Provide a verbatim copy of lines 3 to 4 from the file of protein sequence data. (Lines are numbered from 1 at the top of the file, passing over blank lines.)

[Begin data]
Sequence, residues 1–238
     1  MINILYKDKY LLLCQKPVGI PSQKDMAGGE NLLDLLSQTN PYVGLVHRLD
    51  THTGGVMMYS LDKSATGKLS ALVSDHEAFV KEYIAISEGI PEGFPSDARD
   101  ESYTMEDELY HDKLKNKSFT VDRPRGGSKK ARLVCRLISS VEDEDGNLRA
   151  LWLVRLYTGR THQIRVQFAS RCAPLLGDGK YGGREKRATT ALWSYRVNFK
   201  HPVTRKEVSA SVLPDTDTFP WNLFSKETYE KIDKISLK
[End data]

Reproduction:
    51  THTGGVMMYS LDKSATGKLS ALVSDHEAFV KEYIAISEGI PEGFPSDARD
   101  ESYTMEDELY HDKLKNKSFT VDRPRGGSKK ARLVCRLISS VEDEDGNLRA